Tag Archives: Geological Time

Geological Time Part 2 – The Periods in Shropshire

As part of my geological time series I thought I’d have a look at where rocks/features of the periods can be found in Shropshire.  Shropshire is a very geologically diverse county and if you look hard enough you can find examples from all of the time periods except for the Cretaceous (though the Tertiary is a little dodgy) .  I will say that the examples I am giving are not the only ones to be found in the county.  There are many other formations, rock types and sites that can be used to represent the time periods, I’ve just pick a selected few.  So prepare for a few explanations and quite a lot of pictures.  Just as a remind ma stands for millions of years ago.

Shropshire’s Geological Timeline

Shropshire Geology Time 2

Shropshire Base Map 1

 

I’ve included a brief timeline and a small map giving the rough location of the sites I visited (blue circles) with the major towns in the county for reference.

Quaternary Period (2ma to present)

As we are still living in the Quaternary then many landforms can be seen to represent what has and is still going on in the county.  For a more pre-historical landform a good example would be the glacial relics, of which the kettle holes and peat bogs around Ellesmere would be a good place to start.

DSCF2941DSCF3579These features were formed after the ice of the Devensian Glaciation retreated around 11,000 years, leaving layers of sand and gravel (commonly called glacial till).  The kettle hole forms when a block of ice falls of the retreating glacier and melts, leaving a water-filled depression.

Neogene, Paleogene and Cretaceous Periods

Sadly these formations are missing from Shropshire.  There is rumour of a Tertiary (possibly Neogene) outcrop near Whitchurch, but I haven’t been able to confirm it and I can’t find it on a map, so for now it’ll have to remain a mystery.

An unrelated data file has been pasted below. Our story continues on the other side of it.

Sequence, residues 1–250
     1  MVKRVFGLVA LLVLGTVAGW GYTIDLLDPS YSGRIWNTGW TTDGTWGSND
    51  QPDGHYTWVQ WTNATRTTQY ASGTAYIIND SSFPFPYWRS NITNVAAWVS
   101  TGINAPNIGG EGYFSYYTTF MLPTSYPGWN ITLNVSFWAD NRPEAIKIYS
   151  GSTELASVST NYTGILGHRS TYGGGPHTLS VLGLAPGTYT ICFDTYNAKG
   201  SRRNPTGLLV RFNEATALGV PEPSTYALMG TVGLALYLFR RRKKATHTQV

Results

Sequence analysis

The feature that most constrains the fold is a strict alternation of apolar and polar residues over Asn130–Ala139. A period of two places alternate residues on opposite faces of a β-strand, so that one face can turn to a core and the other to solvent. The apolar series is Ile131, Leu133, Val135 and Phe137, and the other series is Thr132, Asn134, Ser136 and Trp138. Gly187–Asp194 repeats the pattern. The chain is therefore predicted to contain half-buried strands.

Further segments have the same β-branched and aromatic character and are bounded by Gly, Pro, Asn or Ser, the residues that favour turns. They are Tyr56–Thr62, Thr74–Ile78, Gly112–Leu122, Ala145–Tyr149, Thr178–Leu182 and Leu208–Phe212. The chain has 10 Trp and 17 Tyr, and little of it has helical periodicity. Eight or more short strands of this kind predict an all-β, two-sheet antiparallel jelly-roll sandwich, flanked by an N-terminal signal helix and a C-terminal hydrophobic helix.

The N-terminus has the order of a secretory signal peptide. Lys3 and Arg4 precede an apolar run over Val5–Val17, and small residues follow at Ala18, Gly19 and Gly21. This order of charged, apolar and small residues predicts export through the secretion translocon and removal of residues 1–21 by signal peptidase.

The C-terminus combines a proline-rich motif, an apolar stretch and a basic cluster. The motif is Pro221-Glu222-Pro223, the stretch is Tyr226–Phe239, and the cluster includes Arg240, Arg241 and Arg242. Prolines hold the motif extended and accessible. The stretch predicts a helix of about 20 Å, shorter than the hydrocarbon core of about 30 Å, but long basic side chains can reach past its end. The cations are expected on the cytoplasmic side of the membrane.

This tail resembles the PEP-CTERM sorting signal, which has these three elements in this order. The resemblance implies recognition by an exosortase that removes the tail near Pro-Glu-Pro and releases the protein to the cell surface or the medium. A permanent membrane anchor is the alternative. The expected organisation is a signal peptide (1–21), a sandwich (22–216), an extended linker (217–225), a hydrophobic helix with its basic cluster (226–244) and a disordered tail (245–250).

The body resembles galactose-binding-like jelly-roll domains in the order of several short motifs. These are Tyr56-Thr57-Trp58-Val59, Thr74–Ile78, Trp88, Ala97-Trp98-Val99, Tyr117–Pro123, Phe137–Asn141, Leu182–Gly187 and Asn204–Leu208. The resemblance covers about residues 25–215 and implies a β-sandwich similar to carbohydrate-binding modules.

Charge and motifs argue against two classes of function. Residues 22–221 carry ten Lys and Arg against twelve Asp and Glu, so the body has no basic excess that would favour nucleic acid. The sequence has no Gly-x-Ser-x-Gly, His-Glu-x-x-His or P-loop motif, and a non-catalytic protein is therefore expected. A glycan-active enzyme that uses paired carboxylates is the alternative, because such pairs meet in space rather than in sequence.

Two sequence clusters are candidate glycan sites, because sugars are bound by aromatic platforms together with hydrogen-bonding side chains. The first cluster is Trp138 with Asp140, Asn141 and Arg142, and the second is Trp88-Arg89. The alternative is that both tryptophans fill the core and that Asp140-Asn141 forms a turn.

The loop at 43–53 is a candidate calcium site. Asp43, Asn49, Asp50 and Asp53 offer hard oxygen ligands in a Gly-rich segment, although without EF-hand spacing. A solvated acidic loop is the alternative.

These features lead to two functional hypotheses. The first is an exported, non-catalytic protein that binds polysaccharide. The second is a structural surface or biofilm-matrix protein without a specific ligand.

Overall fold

Jurassic (200 to 145ma)

You’ll be lucky to find this one.  There is only one real outcrop of Jurassic age rock in the county and that is around the village of Prees, about 5 miles south of Whitchurch.  There is some Jurassic bedrock under the layers of glacial till, but Prees is the only place it comes to the surface.  You can see one exposure, just east of the A49.  To get to it you can follow a public footpath.  The rock is mudstone from 183-190ma and the environment was once a shallow, tropical sea.

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Triassic (252 to 200ma)

The Triassic and Permian are both present in Shropshire, but the exact boundary has caused a little confusion in the past.  This is largely down to the similarities in the formations and the fact that they rest one on top of the other in the same locations.  Personally I think the best place in the county to see both Triassic and Permian is around Bridgnorth, though there are some other impressive red-rock formations that form several ridges in the north of the county.  The Triassic rocks are to the east of Bridgnorth, further up the hill and form part of the Kidderminster Formation.  It is mostly made up of red sandstone and conglomerate.  The image below is that of an exposure on the A442 near Allscott, just north of Bridgnorth and shows a layer of conglomerate sandwiched between two layers of sandstone.  It is a good example of cross-bedding between the strata and is representative of a river running through a desert environment.

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Permian (299 to 252ma)

As I said in the Triassic section, Bridgnorth is the place to see Permian rocks, in fact most of the town is built on it and some of the older buildings are made from it.  The Permian sandstone is also red, shows cross-bedding as the result of wind-blown desert sand, but seems to be a little tougher.  My Triassic samples half crumbled as I was extracting and transporting them.  Again the ancient environment was a desert.